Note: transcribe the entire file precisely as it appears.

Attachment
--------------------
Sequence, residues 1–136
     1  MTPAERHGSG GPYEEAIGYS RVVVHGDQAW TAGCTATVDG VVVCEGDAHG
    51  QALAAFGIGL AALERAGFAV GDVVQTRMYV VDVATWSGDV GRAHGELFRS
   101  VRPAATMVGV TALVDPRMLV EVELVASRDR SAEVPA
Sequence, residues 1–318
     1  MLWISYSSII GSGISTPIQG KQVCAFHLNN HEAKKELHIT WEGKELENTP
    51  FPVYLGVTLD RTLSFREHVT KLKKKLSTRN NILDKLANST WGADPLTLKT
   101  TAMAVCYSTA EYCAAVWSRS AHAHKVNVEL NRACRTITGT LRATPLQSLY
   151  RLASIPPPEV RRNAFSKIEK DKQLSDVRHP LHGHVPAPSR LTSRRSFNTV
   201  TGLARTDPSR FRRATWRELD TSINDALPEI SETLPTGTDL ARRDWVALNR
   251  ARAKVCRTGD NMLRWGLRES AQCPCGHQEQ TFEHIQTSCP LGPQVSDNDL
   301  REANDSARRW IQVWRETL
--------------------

Sequence, residues 1–136
     1  MTPAERHGSG GPYEEAIGYS RVVVHGDQAW TAGCTATVDG VVVCEGDAHG
    51  QALAAFGIGL AALERAGFAV GDVVQTRMYV VDVATWSGDV GRAHGELFRS
   101  VRPAATMVGV TALVDPRMLV EVELVASRDR SAEVPA
Sequence, residues 1–318
     1  MLWISYSSII GSGISTPIQG KQVCAFHLNN HEAKKELHIT WEGKELENTP
    51  FPVYLGVTLD RTLSFREHVT KLKKKLSTRN NILDKLANST WGADPLTLKT
   101  TAMAVCYSTA EYCAAVWSRS AHAHKVNVEL NRACRTITGT LRATPLQSLY
   151  RLASIPPPEV RRNAFSKIEK DKQLSDVRHP LHGHVPAPSR LTSRRSFNTV
   201  TGLARTDPSR FRRATWRELD TSINDALPEI SETLPTGTDL ARRDWVALNR
   251  ARAKVCRTGD NMLRWGLRES AQCPCGHQEQ TFEHIQTSCP LGPQVSDNDL
   301  REANDSARRW IQVWRETL